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Dx Angina/ Chest Pain Treatment:


SUMMARY: When there is chest pain and a myocardial infarction is suspected:
*(1)take an aspirin
*(2)take previously prescribed medications for angina: nitrates, beta-blockers, calcium channel blockers
*(3) go immediately to a hospital where tPA may be prescribed before or concurrent with radiological and surgical intervention.
*(4) In ST-elevation myocardial infarction and unstable angina, there is "at present (2006) no solid evidence for survival benefit on early [surgical] invasive strategy;" initial use of "tPA has more favorable outcomes."
*(5) Testosterone decreases angina and may improve the cardiac healing response after myocardial infarction." Channer states that there is "The protective effect of testosterone on myocardial ischaemia is maintained throughout treatment without decrement."
*(6) There are no studies of the use of testosterone, intravenous or topical, in the Emergency Room in men with angina. [Editor] Although it seems to make sense.

Angina Pectoris/ Chest Pain

The Merck Manual Home Edition
"Angina, also called angina pectoris, is temporary chest pain or a sensation of pressure that occurs while the heart muscle is not receiving enough oxygen.
*A person with angina has discomfort or pressure beneath the breastbone (sternum).
*Angina typically occurs in response to exertion and is relieved by rest. Doctors diagnose angina based on symptoms, electrocardiography, and imaging tests.
*Treatment may include nitrates, beta-blockers, calcium channel blockers, and percutaneous coronary intervention or coronary artery bypass graft surgery.
*In the United States, approximately 10 million people have angina, and it is newly diagnosed in about 500,000 people each year. Angina tends to develop in women at a later age than in men.

Usually, angina occurs when the heart's workload (and need for oxygen) exceeds the ability of the coronary arteries to supply an adequate amount of blood to the heart. Coronary blood flow can be limited when the arteries are narrowed. Narrowing usually results from fatty deposits in the arteries (atherosclerosis—see Atherosclerosis) but may result from coronary artery spasm. Inadequate blood flow to any tissue is termed ischemia.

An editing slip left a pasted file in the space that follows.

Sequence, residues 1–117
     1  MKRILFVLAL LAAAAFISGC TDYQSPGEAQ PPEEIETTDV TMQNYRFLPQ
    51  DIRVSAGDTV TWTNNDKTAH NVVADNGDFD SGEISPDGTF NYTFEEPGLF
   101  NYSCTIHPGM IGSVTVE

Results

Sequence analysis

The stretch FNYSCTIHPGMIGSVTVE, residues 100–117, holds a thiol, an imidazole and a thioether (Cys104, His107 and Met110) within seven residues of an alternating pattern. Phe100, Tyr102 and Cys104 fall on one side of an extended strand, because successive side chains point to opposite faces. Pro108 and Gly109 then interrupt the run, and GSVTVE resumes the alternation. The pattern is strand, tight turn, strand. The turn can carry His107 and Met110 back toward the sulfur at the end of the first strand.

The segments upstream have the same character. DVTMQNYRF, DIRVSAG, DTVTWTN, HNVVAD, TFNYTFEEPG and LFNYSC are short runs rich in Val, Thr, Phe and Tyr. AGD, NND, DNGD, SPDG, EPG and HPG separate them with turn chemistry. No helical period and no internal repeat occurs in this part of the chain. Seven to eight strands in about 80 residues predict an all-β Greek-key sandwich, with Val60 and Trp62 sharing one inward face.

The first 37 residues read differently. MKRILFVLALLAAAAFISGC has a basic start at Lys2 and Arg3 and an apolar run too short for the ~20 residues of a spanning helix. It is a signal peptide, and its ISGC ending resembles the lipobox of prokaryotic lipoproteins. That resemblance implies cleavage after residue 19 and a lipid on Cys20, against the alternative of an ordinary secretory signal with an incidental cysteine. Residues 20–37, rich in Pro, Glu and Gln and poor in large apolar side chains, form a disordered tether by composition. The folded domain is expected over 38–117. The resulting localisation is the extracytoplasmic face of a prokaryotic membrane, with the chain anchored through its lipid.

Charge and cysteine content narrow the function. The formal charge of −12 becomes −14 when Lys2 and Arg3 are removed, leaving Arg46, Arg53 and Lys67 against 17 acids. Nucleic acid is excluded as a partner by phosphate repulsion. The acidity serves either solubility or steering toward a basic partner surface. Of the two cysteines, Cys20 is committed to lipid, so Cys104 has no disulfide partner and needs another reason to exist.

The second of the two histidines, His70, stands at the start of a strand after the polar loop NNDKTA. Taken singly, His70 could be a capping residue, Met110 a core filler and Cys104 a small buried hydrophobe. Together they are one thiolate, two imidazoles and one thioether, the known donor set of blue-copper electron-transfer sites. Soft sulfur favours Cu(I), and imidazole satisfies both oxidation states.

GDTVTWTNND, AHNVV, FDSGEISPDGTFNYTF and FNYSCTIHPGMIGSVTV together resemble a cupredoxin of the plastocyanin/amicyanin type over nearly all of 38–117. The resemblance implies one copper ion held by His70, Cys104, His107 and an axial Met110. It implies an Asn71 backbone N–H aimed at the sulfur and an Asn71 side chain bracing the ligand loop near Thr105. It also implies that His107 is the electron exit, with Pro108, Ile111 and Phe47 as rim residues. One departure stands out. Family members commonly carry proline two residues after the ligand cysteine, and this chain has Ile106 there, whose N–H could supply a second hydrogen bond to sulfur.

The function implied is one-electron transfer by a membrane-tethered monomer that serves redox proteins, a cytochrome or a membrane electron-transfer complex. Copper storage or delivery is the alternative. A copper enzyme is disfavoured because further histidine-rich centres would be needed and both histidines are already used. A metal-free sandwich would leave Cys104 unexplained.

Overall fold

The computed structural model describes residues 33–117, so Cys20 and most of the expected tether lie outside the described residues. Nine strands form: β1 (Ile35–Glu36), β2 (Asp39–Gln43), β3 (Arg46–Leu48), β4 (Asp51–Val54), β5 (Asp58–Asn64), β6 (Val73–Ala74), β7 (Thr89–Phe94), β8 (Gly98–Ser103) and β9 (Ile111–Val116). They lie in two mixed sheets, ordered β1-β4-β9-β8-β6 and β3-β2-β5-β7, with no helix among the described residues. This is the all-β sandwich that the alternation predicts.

When angina is due to atherosclerosis, it usually first occurs during physical exertion or emotional distress, which make the heart work harder and increase its need for oxygen. If the artery is narrowed enough (usually by more than 70%), angina can occur even at rest, when the demands on the heart are at their minimum."

*[Editor] Every man over the age of 45 and woman over the age of 60 should have a Coronary Artery Calcium Score (C.A.C.S.). This is a 30-second rapid C.T. scan of the chest that documents the presence, size, and volume of calcification. If he/she has calcification C.A.C.S. strongly predicted future major adverse cardiac events." On the positive side, having a score of zero or even a C.A.C.S. score less than 100, says the John Hopkins group, "will find that individual is at virtually no risk of having a heart attack and "for older individuals without calcium in their arteries, it means they do not need routinely prescribed cholesterol lowering medications or aspirin because they are at a lower risk of a heart attack."

Medications Used in the Treatment:
1. Beta Blockers: metoprolol, Toprol® XL, Tenormin®, etc.
2. Calcium Channel Blockers: Norvasc®, Cardizem®, Cardizem®LA, Caduet,etc.
3. Anticoagulants: Fragmin®.
4. Nitrates: Nitrostat®, isosorbide, etc.
5. Arteriolar Vasodilators: amyl nitrite.
6. Anti-anginals: Ranexa®.
7. Androgens: Testosterone (men).
8. Prescription Supplements: Vitamins, Minerals, Co-enzyme Q10, carnitine, selenium, iodine, omega-3

*[Editor] The British Andrology Group treat men with Low-T with and without heart disease. They establish that testosterone replacement (injections not creams/gels) not only strengthen the heart muscle, improves ejection fraction, but also dilates the coronary arteries.

*[Editor] Based on the above research, it might be prudent to apply a larger quantity of testosterone gel while awaiting the ambulance.

*See Andropause: Low Testosterone (Low-T) and Video Andropause: Testosterone Deficiency and Diseases in men. The reference article by K.S. Channer explains the cardiac and life-promoting benefits of testosterone for men.
Channer states "Other studies of acute intravenous testosterone therapy have demonstrated increased cardiac output mediated by a reduction in the systemic vascular resistance and increased ischaemic threshold in men with CAD. Clinical trials have demonstrated that chronic and physiological dose testosterone supplementation significantly improves anginal symptoms and the time to electro-cardiographic ischaemia on exercise treadmill testing, an effect which is proposed to be mediated by testosterone's vasodilatory action."

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